You can only be guilty of aggravated domestic violence in Arizona if you commit the crime against a family or household member. If the victim is not your family members, you could face charges for other violent crimes but not domestic violence. Who is a family or household member according to Arizona law?
- Your current or former spouse
- Any individual who resides or used to reside in the same household as you
- A person with whom you have a child
- A person by whom you’re pregnant or whom you’ve impregnated
- A person related to your or your spouse by blood or by a court order. Relatives may include parents, grandparents, grandchildren, sisters, brothers, parents-in-law, grand-parents-in-law, stepparent, step-grandparent, stepchild, brother-in-law, and sister-in-law
- A child who resided or still resides in the same household as you and the child is related to your former spouse or another person who resided in the same house as you
- A person with whom you are or were in a sexual or romantic relationship
Aggravated Domestic Violence in Arizona
If you commit a misdemeanor domestic violence for a third time within seven, you’ll automatically face felony charges for aggravated domestic violence. According to Arizona laws, aggravated domestic violence is a class 5 felony. The penalties for aggravated felony include prison time, even for a first-time conviction.
At times, victims of domestic violence end up reconciling with the perpetrators of the crime and deciding to drop them. However, according to Arizona law, you’ll still face charges even if the victim of domestic violence states that he or she does not wish to press charges. The law prosecutes crimes of domestic violence aggressively. Therefore, even if the victim decides to drop the charges, you’ll still face prosecution.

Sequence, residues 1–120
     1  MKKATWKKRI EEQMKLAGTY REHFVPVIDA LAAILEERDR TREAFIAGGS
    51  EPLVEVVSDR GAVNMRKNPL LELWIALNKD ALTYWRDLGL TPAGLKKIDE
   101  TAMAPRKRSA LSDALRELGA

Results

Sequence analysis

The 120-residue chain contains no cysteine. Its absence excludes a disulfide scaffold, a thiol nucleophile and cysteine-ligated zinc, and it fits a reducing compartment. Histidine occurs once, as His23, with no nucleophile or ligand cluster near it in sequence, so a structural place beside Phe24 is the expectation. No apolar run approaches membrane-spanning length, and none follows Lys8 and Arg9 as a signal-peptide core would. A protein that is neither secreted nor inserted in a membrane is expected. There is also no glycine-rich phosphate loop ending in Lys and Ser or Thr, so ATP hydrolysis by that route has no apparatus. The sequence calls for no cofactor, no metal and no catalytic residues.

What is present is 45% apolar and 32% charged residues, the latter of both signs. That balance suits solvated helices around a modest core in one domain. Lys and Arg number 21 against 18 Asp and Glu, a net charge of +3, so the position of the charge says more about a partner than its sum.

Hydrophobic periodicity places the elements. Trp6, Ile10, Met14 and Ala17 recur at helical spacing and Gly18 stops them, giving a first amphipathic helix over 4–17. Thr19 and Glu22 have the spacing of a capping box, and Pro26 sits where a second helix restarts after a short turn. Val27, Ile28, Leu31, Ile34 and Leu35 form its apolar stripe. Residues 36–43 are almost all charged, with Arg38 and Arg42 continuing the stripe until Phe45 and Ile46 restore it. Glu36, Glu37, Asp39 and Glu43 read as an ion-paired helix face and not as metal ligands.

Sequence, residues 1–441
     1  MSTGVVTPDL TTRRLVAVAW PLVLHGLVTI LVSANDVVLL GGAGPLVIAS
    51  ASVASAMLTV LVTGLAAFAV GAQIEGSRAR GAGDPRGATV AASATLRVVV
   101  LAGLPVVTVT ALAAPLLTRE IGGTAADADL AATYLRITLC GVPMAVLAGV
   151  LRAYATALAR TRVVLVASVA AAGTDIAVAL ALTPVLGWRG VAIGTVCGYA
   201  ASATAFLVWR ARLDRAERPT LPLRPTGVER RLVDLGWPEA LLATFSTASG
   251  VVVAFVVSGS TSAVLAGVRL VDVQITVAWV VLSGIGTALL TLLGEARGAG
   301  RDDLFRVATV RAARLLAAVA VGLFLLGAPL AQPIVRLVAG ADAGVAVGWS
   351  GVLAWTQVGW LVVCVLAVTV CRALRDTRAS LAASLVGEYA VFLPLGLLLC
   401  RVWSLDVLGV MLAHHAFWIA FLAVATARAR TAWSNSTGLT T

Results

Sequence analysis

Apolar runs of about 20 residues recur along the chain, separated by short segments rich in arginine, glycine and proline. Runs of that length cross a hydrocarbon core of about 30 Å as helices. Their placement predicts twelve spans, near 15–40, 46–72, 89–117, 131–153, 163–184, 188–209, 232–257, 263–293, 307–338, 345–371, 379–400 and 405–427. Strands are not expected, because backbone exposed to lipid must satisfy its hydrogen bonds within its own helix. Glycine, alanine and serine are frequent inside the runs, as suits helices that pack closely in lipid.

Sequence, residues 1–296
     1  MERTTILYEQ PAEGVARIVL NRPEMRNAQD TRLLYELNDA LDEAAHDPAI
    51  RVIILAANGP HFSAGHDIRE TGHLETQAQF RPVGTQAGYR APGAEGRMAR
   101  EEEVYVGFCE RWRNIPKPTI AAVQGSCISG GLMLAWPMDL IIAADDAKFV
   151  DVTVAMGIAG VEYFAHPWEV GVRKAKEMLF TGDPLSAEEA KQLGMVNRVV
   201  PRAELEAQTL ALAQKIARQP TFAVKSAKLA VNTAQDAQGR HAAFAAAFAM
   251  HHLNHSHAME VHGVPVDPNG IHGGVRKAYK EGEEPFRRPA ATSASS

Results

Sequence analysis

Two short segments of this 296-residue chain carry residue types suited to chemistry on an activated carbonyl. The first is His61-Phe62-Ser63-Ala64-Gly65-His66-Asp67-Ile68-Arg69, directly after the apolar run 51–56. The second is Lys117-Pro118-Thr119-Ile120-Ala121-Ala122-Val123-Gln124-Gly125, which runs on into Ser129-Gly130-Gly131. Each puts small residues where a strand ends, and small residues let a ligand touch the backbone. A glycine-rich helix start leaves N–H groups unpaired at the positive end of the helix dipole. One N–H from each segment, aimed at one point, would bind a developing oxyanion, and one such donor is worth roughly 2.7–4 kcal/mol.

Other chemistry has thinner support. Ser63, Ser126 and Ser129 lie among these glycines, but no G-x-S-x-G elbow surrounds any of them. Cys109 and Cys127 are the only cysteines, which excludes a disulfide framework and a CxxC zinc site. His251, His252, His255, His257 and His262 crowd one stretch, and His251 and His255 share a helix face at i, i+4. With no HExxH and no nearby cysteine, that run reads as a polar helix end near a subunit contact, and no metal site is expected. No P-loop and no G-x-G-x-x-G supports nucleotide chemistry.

After a victim files domestic violence charges, he or she can’t withdraw the charges. According to the law, only the District Attorney has the authority to drop the charges after filing charges. If the prosecutor decides to dismiss a domestic violence charge, he or she must seek approval from the judge. After filing a domestic violence complaint, the victim becomes a witness of the state and does not have the mandate to drop the charges. Therefore, the state will still prosecute the defendant even if the victim isn’t willing to testify. At times, the prosecutor may choose not to file charges. In this case, the victim receives a notification about the prosecutor’s decision.
Common Forms of Aggravated Domestic Violence in Arizona
The crime of aggravated domestic violence can include a wide range of offenses. However, a typical form of aggravated domestic violence in Arizona is aggravated assault. According to the revised Arizona statutes § 13.1204, you can be guilty of aggravated assault if: